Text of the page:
MITSUBISHI made its mark on the off-road world with the Shogun - a go-anywhere tough guy that was nevertheless swish enough for everyday swanning around.
The horsey set just loved it, and many still do. But the major emphasis in popularity and sales has shifted to compact SUVs, an area the Japanese firm were absent from until 2010 when it launched the ASX.
Just recently facelifted the junior mud-lugger has some stiff opposition out there from the VW group, Nissan, Toyota and Renault.
With a fresh face, a broader list of equipment and a revised engine range, the ASX has a ruggedness and a heritage that some of the rivals lack.
The version expected to be best seller iis the 2.2-litre turbo diesel which is powerful enough with a 148bhp four-pot, even though it can't claim to be the most frugal choice.
There are four trim levels, of which the AWD 5 that I drove is the flagship version with leather seating, heated seats front and rear and LED daytime running lights.
Standard fitment on the cheaper models, which start at a reasonable £16,000, is a six-speed manual gearbox, but the 2.2 comes with an automatic six-speed gearbox, complete with steering wheel paddles.
First impressions are of a remarkably robust construction with well fitted panels and sturdy no-nonsense switchgear. It's not the most exciting shape, despite the remodelled grille, and the cabin though easy on the eye is practical and sensible rather than stylish.
Fire up the engine and you are immediately reminded that it's a diesel by the characteristic and audible rattle but this smoothes out as you reach cruising speed and the noise fades in the background. Floor the accelerator and there's ample grunt for overtaking.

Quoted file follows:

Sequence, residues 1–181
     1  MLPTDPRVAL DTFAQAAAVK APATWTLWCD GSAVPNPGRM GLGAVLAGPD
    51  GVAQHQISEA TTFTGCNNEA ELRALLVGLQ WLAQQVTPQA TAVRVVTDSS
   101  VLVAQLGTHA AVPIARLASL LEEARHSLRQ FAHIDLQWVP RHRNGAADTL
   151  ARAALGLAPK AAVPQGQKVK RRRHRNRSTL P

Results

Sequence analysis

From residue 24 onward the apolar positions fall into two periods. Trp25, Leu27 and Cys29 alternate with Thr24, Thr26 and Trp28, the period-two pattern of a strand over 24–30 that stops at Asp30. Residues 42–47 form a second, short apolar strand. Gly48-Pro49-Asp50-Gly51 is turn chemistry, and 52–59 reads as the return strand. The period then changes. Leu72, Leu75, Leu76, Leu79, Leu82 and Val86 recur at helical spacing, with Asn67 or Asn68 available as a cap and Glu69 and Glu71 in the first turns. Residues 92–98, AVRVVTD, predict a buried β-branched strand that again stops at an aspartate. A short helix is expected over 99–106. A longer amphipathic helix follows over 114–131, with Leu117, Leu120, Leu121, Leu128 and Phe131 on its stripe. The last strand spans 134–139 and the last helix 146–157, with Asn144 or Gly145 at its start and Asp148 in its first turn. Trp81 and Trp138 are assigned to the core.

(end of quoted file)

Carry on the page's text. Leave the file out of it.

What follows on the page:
Statistics of 0 to 62mph in 10.8 seconds and a max of 118mph belie the car's urgent progress. The automatic change is smooth and undemanding.
There's ample room in the front although a six-foot-plus tall driver may wish his seat would go back a bit further. Those in the rear sit fairly upright but there's still plenty of headroom. The boot platform is quite high but there's a fair amount of room for luggage - 419 litres before the back seats are folded down.
Cornering and handling is safe and predicatble without breaking any new ground in terms of dynamics. Four wheel drive is activated at a touch of a button on the centre division between driver and passenger.
Cubbies and bottle holders abound and I liked the easy way in which vehicle information can be accessed via a clearly identified button to the right of the steering wheel, rather than having to negotiate your way around a complex digital system.
The ASX is one of the few cars I've tested in which the official combined economy virtually matches real driving results. My average was 45.7mpg, just 3mpg below the government figure.